Exclusive breastfeeding saves more children than other preventive interventions – Experts

Exclusive breastfeeding saves more children than other preventive interventions – Experts

  • Saves 13% child deaths

Medical experts have said that exclusive breastfeeding has the potential to save more children’s lives than any other intervention.

According to experts, exclusive breastfeeding entails feeding a baby only breast milk, without any other foods or liquids except for medications or vitamin and mineral supplements.

The World Health Organization, WHO, recommends that infants only receive breast milk without any additional food or drink, not even water and that a mother breastfeeds the infant on demand.

A Nutrition Specialist, Mrs. Ada Ezeogu, who spoke at a two-day media roundtable organised by the United Nations Children’s Fund, UNICEF, in conjunction with the National Orientation Agency (NOA) Lagos recently, stressed that breastfed children have at least six times greater chance of survival in the early months than non-breastfed children, adding that  an exclusively breastfed child is 14 times less likely to die in the first six months than a non-breastfed child.

“Thirteen percent of child deaths can be averted due to exclusive breastfeeding and six percent  of child deaths could be prevented if infants 6-24 months are fed adequate complementary foods.”

Emphasizing that the first 1,000 days of a child is a foundation for lifelong health, she said: “An estimated 13 percent of child deaths could be averted if 90 percent of mothers exclusively breastfed their infants for the first six months of life.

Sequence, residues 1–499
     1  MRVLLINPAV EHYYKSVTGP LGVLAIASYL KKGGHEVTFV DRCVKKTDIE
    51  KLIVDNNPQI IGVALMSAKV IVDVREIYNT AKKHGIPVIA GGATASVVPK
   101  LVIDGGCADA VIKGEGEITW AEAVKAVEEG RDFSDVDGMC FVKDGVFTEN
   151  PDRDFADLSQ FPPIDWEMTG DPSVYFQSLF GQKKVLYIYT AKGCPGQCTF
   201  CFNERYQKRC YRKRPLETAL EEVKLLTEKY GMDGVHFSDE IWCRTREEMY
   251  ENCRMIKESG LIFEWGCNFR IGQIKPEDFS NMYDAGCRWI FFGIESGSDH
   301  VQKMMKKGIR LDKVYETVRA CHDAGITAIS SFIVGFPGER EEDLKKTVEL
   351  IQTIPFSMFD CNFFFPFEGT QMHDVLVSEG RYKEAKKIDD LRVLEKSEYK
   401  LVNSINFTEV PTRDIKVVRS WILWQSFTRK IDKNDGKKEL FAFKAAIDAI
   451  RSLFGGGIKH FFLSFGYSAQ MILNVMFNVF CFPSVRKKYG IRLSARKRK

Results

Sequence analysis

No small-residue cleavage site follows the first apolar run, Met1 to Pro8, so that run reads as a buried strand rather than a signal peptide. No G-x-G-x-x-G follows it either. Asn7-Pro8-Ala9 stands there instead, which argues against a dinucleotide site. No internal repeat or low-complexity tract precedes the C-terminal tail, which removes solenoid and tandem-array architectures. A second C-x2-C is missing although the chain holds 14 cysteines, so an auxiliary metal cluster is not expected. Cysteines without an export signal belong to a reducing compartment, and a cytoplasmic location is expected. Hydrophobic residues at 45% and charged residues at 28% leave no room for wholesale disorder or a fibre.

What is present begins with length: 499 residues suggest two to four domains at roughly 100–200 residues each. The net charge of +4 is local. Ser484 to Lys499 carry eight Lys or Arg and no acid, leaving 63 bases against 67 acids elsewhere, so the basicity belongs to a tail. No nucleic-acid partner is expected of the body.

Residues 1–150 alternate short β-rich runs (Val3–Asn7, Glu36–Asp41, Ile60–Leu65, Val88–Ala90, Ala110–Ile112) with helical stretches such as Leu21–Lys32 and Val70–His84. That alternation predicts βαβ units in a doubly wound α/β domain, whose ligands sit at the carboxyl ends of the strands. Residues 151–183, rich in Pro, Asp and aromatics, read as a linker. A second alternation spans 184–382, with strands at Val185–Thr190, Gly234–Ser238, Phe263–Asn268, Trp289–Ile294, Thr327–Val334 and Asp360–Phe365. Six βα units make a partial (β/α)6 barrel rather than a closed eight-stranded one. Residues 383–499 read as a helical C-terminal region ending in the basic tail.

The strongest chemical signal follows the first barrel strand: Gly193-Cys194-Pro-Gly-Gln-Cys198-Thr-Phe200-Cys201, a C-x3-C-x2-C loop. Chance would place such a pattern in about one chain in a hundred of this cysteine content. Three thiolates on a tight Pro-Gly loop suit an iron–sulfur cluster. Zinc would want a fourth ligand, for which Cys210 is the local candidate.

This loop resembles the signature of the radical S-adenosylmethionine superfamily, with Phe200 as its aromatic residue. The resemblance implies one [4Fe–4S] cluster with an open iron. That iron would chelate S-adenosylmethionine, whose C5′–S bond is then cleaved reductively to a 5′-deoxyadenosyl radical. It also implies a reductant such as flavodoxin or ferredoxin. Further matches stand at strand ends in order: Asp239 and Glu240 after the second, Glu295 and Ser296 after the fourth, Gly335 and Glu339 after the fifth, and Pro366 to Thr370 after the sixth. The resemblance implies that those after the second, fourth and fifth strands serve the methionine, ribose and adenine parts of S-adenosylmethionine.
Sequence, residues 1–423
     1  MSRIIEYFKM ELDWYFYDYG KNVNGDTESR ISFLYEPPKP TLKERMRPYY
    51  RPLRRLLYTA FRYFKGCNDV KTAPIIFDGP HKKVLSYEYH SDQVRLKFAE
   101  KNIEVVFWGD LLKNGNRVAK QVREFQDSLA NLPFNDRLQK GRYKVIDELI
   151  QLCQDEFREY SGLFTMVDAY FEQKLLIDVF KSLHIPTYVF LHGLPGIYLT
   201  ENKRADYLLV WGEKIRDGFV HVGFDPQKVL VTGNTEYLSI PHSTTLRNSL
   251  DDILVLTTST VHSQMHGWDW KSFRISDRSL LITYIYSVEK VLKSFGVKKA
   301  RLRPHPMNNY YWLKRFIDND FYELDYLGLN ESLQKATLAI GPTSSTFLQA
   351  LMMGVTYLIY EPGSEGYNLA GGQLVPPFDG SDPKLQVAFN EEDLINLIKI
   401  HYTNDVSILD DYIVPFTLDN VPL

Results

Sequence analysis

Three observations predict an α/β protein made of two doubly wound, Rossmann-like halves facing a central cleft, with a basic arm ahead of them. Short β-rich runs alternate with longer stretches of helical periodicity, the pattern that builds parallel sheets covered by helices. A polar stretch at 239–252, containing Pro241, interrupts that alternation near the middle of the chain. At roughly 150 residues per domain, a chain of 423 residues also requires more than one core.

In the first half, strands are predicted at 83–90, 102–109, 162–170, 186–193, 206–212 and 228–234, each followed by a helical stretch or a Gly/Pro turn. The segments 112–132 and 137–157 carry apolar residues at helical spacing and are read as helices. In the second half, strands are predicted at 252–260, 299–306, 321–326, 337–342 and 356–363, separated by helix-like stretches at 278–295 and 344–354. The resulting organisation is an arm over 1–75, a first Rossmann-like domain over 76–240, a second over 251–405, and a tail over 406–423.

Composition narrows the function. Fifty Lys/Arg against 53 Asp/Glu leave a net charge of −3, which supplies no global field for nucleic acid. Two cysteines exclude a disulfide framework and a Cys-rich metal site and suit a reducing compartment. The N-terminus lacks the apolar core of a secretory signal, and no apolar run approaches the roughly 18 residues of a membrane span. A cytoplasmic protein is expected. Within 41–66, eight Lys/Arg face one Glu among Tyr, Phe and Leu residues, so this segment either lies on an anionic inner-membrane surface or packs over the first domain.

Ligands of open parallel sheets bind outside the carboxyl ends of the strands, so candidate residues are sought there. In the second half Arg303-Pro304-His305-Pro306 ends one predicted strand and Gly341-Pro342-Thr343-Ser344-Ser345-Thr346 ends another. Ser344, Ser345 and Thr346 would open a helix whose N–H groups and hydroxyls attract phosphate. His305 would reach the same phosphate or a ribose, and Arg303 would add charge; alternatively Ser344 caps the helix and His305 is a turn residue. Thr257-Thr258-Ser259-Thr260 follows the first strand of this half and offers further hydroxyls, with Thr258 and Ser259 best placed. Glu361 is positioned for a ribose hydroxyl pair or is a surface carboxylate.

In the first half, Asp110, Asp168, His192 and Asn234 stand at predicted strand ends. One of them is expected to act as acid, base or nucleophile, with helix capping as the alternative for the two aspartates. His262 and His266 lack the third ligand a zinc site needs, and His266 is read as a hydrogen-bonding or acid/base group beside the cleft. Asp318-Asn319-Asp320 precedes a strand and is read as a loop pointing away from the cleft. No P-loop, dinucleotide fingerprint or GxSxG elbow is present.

“If the same proportion of mothers provided adequate and timely complementary feeding for their infants from six to 24 months, a further six percent of child deaths could be prevented,” Ezeogu said.

She noted that breast milk which is 88.1 percent water, fat 3.8 percent, protein 0.9 percent, lactose 7.0 percent and others 0.2 percent has so many short-term and long-term benefits.

Such short-term health benefits, according to her,  include: fewer infections, fewer gastrointestinal disorders, lower risk of sudden infant death syndrome, emotional bonding and loving relationship between mother and baby.

Similarly, she said, long-term health benefits include: improved growth and development, higher intelligence quotient, IQ, lower risk of obesity, more emotionally secure, improved cardiovascular disease through life, lower risk of childhood cancer (including leukemia) and lower risk of diabetes among others.

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